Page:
# Relationship between determinant and determinant of Hessian of determinant

Consider $$n^2$$ variables $$x_1, \dots, x_{n^2}$$ and let $$p$$ be the the determinant of the matrix $$n \times n$$ matrix formed by laying these variables in a square matrix, so that $$p \in \mathbb{Z}[x_1, \dots, x_{n^2}]$$ is a polynomial. (i.e., for $$n=2$$, $$p = \det (\begin{smallmatrix}x_1 & x_2 \\ x_3 & x_4\end{smallmatrix}) = x_1 x_4 - x_2 x_3$$).

We can also consider $$p = p(x_1, \dots, x_{n^2})$$ has a polynomial function. Let $$H$$ be the Hessian of $$p(x_1, \dots, x_{n^2})$$ (so $$H$$ is a $$n^2 \times n^2$$ matrix) and let $$q$$ be the determinant of $$H$$. Then $$q$$ is also an element of $$\mathbb{Z}[x_1, \dots, x_{n^2}]$$.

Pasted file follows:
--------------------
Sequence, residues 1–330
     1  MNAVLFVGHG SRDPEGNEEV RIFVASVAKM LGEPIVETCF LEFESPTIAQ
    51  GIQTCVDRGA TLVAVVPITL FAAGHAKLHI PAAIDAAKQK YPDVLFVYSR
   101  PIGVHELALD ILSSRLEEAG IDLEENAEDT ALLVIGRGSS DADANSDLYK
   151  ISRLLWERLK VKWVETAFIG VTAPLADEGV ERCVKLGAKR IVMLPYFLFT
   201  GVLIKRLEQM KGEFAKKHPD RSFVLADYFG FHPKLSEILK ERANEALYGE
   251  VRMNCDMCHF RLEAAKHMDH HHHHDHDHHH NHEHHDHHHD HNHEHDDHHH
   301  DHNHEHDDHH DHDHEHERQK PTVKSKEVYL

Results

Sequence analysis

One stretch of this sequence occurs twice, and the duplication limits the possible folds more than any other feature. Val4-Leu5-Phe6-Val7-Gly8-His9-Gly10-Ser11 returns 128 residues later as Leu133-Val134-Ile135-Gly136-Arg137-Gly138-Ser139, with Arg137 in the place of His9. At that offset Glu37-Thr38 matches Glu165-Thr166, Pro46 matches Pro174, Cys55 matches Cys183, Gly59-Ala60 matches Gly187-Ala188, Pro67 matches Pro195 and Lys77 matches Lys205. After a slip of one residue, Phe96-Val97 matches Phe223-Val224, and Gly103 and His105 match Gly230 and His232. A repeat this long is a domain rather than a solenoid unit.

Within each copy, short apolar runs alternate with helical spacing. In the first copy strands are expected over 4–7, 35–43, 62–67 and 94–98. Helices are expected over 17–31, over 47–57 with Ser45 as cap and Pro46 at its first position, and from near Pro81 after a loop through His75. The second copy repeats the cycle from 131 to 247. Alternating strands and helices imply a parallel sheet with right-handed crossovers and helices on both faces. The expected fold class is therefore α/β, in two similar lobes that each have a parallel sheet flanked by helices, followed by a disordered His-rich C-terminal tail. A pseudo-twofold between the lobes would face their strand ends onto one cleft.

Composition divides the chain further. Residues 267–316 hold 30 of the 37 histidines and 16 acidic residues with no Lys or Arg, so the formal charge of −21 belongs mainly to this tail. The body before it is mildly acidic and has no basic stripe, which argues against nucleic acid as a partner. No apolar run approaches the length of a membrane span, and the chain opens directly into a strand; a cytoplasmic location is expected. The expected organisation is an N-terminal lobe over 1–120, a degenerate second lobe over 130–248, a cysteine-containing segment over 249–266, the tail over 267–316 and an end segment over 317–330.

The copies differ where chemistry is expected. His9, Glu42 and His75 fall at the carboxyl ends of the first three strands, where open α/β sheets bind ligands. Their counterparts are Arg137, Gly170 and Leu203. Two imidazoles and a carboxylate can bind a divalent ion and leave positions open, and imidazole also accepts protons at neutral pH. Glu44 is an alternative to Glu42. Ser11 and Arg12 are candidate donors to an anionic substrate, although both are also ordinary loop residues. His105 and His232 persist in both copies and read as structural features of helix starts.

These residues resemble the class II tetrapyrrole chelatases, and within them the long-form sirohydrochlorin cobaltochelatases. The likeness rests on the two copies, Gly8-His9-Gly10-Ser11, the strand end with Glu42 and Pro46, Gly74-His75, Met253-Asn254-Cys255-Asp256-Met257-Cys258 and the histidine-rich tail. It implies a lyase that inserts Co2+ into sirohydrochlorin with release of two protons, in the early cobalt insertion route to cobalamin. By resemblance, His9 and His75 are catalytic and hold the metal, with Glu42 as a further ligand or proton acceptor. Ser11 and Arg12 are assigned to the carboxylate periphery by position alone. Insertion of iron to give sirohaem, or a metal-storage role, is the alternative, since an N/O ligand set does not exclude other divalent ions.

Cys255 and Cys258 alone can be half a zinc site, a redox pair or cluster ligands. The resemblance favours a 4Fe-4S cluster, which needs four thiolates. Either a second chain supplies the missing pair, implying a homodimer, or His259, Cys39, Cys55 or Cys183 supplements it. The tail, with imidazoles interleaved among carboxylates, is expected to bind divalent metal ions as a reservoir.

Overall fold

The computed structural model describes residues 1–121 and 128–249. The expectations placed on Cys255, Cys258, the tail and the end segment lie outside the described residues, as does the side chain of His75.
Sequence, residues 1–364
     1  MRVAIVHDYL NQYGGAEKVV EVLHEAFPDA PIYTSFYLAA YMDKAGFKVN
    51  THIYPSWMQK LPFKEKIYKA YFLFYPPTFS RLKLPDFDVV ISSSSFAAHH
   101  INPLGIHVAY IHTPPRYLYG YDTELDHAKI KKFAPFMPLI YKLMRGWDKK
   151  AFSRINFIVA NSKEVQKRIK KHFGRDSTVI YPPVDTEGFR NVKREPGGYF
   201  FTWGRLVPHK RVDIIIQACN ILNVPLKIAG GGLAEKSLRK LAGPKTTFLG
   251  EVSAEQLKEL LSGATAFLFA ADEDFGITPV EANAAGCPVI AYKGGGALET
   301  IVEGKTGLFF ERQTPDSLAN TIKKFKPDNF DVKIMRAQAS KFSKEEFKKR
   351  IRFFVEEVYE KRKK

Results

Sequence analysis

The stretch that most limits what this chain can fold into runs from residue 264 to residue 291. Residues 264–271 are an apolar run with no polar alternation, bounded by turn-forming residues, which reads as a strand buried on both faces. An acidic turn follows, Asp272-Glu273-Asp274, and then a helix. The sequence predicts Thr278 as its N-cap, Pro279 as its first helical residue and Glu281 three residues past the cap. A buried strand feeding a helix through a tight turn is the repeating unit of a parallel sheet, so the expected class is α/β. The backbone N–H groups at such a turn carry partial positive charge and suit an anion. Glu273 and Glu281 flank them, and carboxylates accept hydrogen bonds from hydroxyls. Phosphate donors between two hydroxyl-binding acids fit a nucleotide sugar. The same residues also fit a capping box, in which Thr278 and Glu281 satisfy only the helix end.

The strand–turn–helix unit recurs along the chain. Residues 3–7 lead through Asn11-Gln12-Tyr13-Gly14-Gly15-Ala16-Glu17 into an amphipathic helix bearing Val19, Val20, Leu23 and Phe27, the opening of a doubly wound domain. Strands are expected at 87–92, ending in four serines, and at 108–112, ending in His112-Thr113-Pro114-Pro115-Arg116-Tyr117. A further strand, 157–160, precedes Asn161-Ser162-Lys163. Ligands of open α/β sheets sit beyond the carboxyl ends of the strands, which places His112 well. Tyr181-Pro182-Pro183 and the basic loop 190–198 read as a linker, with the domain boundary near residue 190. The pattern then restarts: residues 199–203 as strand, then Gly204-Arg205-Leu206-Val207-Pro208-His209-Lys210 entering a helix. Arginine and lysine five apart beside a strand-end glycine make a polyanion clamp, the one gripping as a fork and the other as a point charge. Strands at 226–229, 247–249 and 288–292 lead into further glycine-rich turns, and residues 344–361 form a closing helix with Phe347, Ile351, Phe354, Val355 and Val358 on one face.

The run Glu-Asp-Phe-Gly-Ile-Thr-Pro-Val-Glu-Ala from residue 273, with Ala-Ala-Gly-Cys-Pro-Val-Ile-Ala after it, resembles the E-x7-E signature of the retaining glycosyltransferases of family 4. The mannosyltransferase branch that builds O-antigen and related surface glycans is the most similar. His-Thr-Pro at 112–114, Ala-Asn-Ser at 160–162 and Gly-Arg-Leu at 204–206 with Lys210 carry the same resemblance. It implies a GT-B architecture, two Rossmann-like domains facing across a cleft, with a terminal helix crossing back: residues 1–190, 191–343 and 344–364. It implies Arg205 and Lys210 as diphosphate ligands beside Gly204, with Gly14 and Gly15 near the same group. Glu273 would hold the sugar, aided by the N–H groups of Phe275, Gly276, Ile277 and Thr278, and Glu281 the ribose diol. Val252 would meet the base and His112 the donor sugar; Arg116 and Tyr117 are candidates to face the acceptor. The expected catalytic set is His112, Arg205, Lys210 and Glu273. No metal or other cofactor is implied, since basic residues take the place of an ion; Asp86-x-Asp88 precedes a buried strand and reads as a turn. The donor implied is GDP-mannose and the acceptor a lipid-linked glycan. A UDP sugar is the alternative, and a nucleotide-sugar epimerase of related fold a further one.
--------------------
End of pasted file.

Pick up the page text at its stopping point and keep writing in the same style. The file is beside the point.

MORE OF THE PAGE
Question: what is the relationship between $$p$$ and $$q$$?

The conjecture is that $$q$$ is (up to constant) a power of $$q$$ in the polynomial ring. For example, I have checked that $$q = -2p^3$$ for $$n = 3$$.

• Really, what you write is incomprehensible. No one will answer your question if you do not clearly state your problem. Is there a hidden matrix? Its entries are in what? What are the variables you consider to calculate the Hessian? You have to rewrite everything.
– user91684
Jul 4 '20 at 16:12
• Done, hope it is clearer. I posed this question back when I was studying in college, so the wording not good the first time. Jul 4 '20 at 19:42